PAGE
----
I have never gotten more NOOBs-related emails and messages than the ones generated by an article that appeared in The Wall Street Journal on July 18. I believe you need a subscription to read the whole thing, but here’s a recap that appeared in The Guardian the next day.
The upshot is that an animated British kids’ TV show, Peppa Pig, has become so popular in the U.S. that many little kids are uttering Britishisms in plummy accents. A California father reports that his “daughter calls the gas station the ‘petrol station’ and cookies ‘biscuits,’ and when he’s holding a cup of coffee, Dani asks him, ‘Are you having tea now?’”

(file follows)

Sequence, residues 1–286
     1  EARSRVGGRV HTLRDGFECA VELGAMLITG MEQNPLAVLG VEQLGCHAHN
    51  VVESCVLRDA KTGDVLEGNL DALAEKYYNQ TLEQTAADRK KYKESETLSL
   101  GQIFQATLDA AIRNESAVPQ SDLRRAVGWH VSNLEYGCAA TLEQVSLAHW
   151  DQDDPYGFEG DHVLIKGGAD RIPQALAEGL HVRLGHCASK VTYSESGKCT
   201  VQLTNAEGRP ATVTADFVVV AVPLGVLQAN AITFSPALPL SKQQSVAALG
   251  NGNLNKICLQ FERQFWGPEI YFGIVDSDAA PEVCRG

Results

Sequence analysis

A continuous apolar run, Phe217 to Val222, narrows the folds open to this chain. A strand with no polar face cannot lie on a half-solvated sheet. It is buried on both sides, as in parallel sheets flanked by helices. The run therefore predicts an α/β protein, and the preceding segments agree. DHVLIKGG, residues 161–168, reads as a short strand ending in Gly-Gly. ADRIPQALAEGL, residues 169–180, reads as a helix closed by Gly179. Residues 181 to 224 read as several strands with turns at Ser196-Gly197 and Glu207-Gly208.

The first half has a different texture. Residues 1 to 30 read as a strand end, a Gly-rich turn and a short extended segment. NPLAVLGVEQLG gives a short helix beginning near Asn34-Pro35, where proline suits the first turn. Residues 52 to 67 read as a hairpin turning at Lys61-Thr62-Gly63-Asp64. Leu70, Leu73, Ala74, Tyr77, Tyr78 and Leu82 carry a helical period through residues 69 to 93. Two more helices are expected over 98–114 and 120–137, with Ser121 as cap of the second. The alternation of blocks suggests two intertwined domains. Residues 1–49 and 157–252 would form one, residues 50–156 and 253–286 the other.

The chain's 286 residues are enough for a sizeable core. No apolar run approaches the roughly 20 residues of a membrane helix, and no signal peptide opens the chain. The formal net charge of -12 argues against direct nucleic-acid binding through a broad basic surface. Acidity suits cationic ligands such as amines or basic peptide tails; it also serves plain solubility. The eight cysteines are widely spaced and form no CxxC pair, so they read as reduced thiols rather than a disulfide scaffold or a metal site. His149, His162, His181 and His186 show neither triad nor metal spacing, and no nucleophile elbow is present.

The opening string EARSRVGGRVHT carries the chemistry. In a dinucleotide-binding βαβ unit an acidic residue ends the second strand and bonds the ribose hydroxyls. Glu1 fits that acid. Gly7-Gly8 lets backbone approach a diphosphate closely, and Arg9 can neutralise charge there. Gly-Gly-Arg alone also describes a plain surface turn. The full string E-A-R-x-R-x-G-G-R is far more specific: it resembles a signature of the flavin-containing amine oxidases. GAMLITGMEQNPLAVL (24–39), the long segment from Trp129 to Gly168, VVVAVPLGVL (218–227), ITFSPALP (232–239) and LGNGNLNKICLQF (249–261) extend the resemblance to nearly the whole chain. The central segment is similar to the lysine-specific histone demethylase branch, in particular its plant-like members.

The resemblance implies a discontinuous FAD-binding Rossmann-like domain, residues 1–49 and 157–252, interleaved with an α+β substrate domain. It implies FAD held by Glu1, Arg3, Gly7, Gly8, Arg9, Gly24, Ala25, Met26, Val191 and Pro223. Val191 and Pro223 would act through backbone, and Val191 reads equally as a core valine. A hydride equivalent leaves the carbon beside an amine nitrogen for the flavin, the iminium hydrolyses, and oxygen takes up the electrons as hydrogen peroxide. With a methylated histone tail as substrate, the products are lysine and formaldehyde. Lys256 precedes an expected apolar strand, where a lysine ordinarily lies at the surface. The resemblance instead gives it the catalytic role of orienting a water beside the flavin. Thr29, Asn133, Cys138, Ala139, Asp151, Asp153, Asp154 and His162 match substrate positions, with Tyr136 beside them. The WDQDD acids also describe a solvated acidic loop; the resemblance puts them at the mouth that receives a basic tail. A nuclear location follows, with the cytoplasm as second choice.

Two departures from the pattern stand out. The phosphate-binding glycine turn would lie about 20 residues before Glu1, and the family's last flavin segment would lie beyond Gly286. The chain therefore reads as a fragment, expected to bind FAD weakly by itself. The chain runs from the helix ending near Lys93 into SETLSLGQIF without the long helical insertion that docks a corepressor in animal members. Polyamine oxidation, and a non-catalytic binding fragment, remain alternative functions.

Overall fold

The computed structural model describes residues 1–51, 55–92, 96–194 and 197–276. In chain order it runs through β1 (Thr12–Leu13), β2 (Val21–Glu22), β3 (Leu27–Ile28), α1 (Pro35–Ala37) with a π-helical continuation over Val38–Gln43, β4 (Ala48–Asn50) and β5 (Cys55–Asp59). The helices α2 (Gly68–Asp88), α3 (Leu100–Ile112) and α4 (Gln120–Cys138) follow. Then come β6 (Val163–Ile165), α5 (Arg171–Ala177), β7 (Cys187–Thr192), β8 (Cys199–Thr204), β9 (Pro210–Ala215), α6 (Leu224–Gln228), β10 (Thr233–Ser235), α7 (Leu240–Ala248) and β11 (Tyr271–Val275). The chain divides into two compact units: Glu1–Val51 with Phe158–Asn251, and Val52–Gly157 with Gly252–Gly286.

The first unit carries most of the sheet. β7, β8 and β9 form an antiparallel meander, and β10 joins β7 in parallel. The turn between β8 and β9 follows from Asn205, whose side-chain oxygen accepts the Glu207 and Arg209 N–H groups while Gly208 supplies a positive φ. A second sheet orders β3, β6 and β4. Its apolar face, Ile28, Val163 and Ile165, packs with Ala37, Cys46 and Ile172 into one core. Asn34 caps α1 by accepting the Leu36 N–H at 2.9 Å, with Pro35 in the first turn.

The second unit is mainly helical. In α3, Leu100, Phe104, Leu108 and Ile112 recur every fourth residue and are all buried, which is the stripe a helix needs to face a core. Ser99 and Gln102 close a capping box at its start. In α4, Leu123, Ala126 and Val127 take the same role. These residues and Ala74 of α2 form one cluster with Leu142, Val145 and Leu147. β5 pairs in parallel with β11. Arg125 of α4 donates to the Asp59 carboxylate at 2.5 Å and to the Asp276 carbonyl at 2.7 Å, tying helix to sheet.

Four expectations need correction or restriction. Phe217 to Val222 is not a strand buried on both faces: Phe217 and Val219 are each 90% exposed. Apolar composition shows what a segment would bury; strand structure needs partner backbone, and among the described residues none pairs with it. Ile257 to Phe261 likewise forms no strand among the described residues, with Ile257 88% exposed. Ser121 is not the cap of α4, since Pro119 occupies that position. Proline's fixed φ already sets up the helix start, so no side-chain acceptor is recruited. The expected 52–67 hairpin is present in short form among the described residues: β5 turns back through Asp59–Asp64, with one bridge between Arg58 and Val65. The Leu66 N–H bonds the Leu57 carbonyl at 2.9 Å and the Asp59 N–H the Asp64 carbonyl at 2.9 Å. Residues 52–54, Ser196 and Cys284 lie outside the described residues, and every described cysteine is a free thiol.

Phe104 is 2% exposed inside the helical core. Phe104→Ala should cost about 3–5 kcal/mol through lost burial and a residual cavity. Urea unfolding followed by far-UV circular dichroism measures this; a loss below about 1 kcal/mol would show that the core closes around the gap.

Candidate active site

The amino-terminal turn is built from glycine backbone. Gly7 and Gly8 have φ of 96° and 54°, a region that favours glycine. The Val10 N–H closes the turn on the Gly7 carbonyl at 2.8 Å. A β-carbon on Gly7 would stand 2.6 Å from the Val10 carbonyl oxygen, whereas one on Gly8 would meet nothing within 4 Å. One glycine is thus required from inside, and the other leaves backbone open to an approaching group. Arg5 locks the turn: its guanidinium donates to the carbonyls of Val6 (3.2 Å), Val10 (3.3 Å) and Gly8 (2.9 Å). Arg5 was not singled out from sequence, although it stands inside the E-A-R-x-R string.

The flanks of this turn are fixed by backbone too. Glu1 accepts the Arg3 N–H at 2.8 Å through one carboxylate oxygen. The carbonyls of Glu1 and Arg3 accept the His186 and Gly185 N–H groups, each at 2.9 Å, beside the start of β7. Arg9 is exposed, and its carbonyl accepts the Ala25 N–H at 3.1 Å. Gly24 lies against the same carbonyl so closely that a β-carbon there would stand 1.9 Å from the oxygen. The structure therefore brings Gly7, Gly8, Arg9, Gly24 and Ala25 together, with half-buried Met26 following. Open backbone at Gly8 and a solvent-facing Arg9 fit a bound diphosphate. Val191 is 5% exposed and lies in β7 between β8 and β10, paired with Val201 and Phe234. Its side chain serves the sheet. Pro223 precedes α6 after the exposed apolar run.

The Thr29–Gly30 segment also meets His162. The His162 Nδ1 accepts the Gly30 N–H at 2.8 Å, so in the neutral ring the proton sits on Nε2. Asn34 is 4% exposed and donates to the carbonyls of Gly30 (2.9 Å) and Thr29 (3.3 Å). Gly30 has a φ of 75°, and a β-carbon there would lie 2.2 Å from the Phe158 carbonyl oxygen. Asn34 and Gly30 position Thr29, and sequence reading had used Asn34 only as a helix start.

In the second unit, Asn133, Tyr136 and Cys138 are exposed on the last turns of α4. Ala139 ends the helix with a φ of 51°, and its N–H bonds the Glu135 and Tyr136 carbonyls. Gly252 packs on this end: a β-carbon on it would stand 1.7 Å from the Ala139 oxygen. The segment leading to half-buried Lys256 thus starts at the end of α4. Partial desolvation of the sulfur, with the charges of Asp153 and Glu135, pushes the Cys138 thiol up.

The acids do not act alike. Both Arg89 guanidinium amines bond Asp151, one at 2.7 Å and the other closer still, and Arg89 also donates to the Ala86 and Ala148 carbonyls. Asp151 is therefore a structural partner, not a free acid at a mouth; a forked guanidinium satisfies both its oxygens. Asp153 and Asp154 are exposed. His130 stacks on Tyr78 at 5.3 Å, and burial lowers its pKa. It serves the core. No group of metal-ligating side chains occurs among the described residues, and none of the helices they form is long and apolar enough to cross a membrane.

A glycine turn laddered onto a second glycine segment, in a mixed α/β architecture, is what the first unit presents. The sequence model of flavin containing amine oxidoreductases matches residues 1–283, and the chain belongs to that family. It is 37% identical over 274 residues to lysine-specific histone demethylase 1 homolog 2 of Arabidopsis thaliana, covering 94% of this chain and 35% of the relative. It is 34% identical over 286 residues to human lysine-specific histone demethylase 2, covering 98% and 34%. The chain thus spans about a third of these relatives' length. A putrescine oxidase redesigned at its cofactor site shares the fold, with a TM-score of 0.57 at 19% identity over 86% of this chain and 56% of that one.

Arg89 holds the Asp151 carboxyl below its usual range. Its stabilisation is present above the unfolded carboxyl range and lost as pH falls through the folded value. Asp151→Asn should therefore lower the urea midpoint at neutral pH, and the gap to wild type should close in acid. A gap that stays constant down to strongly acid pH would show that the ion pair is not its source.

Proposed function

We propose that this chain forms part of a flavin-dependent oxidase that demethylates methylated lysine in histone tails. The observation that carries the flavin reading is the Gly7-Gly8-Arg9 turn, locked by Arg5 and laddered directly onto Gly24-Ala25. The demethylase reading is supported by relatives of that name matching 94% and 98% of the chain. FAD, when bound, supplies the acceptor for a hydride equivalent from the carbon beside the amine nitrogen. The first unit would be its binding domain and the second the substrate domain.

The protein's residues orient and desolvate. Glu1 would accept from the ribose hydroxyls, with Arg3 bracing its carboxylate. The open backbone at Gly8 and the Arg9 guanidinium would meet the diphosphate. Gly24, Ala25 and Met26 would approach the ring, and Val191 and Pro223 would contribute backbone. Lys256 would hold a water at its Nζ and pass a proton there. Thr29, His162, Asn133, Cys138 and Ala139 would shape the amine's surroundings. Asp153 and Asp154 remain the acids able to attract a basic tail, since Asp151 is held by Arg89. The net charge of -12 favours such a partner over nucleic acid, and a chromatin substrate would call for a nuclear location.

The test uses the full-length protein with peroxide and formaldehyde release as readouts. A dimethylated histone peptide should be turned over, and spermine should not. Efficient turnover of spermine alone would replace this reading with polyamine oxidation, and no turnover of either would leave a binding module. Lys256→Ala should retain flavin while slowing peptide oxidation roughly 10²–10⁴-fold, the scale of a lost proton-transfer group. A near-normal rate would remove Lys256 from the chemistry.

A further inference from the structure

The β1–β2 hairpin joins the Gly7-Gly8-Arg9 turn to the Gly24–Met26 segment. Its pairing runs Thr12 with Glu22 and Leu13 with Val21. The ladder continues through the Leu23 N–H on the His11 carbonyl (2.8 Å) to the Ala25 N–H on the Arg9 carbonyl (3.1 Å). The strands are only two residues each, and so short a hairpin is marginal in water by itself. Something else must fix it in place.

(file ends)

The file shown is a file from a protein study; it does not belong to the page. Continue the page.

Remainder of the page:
A Seattle mother attracted more than 10 million views with a TikTok video of her Peppa-obsessed daughter, who, she reported, “speaks in a fully British accent at all times.”
One thing I found interesting about the article and phenomenon is that only one of the examples are actually NOOBs. That is, adult Americans have not adopted “biscuits,” “petrol,” “telly,” “water closet,” or “power cut.” The exception is a word the little girl uses in the TikTok clip: “How clever!”
The Guardian article has in its headline a real live NOOB: “Having a go: US parents say Peppa Pig is giving their kids British accents.”
Americans do indeed use “have a go,” and I never realized it was of British origin, though I probably should have (done). Watch this space for a further investigation.